How do retailers get scammed at the self checkout?
Scams, Glitches and Glitch Driven Scams
Over eighty retailers joined our ninety minute self checkout working group meeting in May, where retailers shared the scams and glitches they have discovered in their business. What emerged were three forms of scams / glitches. The first being the traditional scam, where customers find ways to exploit systems that are working as originally designed, well known examples, often via the Product Look Up menu, include presenting (say) grapes, champagne, Jacks Daniels, etc and then pressing the brown onions on the PLU menu. Then there were the second category, these could be called system glitches, where inadvertent losses generated at SCO due to system errors/faults, one example we heard occurred when the customer presented their loyalty card immediately after they had used the quantity button to scan (say) six bottles of champagne, once the loyalty card was input, the quantity of champagne scanned reduced to one. The final category identified were the Glitch-driven Scams, where customers had found system glitches and purposefully set out exploit them to their advantage. One of the example here was the potted plant, which when discounted was not allocated a security weight, when bad actors became aware of this glitch, they were able to exploit using the yellow sticker discount bar code.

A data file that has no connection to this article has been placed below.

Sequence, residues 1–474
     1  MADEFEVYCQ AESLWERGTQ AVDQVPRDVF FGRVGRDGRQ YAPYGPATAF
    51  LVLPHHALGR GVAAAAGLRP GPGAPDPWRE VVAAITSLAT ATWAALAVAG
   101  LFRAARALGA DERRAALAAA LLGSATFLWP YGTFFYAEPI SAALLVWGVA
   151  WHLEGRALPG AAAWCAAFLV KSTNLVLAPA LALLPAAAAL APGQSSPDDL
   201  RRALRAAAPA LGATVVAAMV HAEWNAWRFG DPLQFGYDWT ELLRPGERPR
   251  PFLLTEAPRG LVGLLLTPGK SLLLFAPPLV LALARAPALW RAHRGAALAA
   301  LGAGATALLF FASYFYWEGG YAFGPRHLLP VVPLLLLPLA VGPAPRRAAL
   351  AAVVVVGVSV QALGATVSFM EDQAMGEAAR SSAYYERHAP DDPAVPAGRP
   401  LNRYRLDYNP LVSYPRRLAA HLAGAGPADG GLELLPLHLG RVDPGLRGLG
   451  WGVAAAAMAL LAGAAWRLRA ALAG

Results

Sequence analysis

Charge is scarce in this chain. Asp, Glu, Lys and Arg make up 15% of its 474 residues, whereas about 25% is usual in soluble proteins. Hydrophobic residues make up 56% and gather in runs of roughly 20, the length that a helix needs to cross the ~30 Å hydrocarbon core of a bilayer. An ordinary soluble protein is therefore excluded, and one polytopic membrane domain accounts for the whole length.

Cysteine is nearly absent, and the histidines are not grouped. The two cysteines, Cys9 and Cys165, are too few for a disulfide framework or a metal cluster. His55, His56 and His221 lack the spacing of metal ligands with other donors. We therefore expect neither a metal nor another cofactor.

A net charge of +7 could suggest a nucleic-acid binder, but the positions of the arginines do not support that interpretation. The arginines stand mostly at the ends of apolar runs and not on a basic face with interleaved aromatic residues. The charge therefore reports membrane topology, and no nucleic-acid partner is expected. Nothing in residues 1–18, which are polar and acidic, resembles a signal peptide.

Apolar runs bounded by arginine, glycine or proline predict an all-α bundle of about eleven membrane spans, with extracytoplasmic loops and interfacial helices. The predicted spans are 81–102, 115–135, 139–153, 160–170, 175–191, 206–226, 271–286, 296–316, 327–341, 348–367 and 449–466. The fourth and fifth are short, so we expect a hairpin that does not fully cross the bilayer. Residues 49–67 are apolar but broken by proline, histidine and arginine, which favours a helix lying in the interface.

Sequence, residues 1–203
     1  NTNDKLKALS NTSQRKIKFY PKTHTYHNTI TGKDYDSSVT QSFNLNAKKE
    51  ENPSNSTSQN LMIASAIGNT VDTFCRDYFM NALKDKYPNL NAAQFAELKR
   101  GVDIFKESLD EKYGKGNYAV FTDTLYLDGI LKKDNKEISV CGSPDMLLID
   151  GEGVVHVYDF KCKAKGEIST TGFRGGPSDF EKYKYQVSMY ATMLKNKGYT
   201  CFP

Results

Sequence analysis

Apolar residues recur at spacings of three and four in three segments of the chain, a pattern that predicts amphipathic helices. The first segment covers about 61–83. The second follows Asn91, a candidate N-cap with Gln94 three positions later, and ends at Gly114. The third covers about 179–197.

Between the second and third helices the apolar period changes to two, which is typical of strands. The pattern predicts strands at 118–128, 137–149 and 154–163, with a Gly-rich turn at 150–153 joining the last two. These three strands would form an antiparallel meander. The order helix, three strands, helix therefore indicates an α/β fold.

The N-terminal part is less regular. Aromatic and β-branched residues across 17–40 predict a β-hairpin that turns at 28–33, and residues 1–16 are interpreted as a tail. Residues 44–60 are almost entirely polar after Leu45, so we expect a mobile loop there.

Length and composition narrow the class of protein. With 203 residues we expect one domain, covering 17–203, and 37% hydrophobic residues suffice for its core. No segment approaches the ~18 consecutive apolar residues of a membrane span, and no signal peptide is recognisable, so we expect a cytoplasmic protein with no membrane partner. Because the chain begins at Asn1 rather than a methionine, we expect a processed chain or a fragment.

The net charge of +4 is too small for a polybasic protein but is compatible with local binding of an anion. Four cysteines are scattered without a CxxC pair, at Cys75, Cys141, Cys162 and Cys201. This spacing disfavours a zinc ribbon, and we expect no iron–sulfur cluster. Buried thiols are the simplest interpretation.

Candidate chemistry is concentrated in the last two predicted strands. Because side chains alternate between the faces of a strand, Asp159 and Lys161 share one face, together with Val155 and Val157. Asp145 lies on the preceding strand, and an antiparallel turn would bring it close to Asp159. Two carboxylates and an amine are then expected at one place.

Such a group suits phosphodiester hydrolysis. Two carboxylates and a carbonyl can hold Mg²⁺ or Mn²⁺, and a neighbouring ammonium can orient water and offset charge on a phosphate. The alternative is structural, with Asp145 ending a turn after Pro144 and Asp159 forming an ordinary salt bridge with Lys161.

To address the traditional scams likely requires retailers to continue to invest behind proactive/ongoing interventions such as product recognition and purchase pattern recognition/analysis, while the later two can be more effectively resolved by system changes once identified.
Click the video to see a quick recap with Professor Beck on the major findings. If you are a retailer, CPG or academic and would like to get a copy of the recording, please send an email to firstname.lastname@example.org
We have planned an annual update on this topic, click here to register, for the meeting in May 2024
Jun 10, 2023
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